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measures he might prefer not doing but realizes you need to have out to be part of a bipartisan compromise to see if we can move our country forward. >> ifill: we just spoke to a member of the house leadership, cathy mcmorris rodgers, and she said she couldn't think of any winners in this budget proposal. >> well deficit reduction is never easy. we inherited this terrible deficit along wall street-- a great recession, and we're fighting our way out of it, and the question is how to do in a way nagets the balance right, and the balance is about having sensible entitlement savings, but also having revenues as part of a fair deficit reduction plan. the balance is also about making sure your fundamental goal is about economic growth and job creation, and the type of plan the president has does have targeted investments to create job, investments for worker training. you saw his preschool proposal. that would be very important. and it does maintain investments in our future, in manufacturing, and in the skills of our workers. but the fact is, we all have to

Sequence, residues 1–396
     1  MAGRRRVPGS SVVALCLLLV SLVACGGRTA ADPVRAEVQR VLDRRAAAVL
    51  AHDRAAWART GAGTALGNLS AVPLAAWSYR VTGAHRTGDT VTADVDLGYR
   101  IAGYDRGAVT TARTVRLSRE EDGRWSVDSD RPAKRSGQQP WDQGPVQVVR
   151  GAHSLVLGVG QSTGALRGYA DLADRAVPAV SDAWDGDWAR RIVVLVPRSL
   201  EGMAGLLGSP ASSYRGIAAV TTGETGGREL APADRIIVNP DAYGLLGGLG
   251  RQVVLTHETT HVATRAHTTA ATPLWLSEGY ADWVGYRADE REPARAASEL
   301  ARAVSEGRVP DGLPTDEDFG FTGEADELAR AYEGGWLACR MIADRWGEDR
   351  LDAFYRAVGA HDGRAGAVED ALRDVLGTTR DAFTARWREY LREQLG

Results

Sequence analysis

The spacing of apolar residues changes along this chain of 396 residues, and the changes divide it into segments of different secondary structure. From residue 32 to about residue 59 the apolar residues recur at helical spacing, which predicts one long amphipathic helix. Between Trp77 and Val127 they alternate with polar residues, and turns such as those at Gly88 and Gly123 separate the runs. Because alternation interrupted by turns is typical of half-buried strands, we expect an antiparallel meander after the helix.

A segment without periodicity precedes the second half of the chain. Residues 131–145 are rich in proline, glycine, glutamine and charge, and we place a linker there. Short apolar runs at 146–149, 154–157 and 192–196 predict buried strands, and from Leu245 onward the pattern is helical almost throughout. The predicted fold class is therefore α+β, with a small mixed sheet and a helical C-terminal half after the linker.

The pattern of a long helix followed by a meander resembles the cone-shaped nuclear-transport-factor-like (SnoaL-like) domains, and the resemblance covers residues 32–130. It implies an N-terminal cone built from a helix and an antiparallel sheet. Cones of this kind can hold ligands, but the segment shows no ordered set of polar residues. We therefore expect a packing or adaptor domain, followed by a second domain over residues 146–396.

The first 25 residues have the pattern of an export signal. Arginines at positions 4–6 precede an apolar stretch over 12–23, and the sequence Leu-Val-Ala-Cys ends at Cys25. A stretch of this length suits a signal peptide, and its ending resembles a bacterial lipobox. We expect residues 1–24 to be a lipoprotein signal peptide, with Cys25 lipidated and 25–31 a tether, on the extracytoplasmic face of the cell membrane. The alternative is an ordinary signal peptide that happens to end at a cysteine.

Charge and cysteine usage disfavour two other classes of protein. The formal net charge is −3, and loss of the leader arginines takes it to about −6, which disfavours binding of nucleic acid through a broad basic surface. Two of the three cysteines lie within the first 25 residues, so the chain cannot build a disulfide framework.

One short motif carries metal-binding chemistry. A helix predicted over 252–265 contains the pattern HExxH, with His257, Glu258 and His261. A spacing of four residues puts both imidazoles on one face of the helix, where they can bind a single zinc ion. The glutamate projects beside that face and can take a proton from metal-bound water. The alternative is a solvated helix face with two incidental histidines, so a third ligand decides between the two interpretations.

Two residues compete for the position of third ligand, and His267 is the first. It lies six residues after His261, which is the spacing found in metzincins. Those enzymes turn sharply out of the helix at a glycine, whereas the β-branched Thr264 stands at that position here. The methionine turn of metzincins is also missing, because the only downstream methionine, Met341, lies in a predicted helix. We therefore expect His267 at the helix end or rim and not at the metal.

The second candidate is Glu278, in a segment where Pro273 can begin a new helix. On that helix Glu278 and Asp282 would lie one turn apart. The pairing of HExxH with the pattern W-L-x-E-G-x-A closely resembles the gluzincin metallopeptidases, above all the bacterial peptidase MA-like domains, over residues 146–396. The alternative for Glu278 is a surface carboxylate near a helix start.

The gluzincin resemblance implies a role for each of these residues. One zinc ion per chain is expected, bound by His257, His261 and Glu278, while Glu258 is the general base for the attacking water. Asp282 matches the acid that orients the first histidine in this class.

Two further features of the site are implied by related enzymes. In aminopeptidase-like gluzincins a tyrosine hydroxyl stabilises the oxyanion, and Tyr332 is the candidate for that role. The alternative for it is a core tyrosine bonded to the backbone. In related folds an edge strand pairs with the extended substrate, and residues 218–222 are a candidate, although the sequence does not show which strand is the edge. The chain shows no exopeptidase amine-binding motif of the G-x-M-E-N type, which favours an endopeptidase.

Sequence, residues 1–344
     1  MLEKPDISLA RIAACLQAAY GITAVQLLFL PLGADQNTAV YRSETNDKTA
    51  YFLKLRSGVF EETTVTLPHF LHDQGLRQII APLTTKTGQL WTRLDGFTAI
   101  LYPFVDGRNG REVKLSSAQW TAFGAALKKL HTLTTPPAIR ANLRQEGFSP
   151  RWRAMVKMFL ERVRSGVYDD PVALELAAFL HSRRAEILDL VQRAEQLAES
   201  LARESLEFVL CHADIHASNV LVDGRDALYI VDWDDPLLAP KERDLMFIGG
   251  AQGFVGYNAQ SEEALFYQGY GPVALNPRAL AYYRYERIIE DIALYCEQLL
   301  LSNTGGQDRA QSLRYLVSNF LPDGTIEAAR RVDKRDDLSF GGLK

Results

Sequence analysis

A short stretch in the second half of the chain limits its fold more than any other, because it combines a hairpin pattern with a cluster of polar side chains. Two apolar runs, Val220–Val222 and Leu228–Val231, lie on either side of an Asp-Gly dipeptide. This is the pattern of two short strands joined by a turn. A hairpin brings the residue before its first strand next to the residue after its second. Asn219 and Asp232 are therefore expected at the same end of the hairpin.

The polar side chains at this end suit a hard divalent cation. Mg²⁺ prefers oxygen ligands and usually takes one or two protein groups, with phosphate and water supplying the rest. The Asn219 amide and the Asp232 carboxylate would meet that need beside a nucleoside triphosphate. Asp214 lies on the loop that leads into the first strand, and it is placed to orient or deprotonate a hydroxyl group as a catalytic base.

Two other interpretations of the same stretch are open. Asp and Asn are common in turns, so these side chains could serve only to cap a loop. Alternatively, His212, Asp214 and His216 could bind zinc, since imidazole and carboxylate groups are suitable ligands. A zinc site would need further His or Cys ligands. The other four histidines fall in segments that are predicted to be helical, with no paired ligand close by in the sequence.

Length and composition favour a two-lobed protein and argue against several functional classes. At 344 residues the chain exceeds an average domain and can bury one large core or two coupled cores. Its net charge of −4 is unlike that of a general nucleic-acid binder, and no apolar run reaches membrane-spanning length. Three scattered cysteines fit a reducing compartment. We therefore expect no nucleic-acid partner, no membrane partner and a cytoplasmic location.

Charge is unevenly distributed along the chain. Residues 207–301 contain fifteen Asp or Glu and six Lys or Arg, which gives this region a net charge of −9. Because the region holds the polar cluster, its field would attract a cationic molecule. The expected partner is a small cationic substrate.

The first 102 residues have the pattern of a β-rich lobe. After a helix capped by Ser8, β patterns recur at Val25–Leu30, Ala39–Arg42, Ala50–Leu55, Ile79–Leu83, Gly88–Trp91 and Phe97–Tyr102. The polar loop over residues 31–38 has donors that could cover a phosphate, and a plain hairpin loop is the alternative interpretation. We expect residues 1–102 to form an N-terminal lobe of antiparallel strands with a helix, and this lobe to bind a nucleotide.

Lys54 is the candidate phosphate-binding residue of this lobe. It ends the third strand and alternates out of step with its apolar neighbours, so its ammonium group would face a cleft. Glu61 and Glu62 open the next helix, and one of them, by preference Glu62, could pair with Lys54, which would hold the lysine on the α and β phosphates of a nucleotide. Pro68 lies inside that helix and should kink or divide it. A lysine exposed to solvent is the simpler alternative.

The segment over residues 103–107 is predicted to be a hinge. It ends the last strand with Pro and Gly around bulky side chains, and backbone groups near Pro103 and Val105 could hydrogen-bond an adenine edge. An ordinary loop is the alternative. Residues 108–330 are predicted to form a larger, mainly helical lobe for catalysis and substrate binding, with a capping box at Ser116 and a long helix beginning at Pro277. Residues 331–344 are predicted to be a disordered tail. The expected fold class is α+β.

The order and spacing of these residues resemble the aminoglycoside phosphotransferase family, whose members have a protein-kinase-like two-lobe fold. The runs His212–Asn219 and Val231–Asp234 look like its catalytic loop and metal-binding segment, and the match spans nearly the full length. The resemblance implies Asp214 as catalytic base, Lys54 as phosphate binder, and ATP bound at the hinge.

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try to get ourselves back on a long-term fiscal path so we can give people more confidence that america is still the place to create jobs and make your future. and that's going to require some tough choices. >> ifill, and yet republicans are not happy because they say this is all about taxes going up again, and some democrats are not happy because they think you're hurting the poor. you're not winning on either side of this. >> gwen, i look at it in a different way. when you see the president of the united states looking what he should do-- lead-- bring both sides together. and, yes, this is not going to be ideal for everyone. but the question is not whether it's ideal for democrats or ideal for republicans but whether it is an honorable compromise that is good for jobs, good for growth, good for the american people. and that's gog require everyone to give a little and be unhappy on a few measures. if in doing that, we can replace the sequester that is harming millions of isn't people, hurting job growth, and replace it with something that is good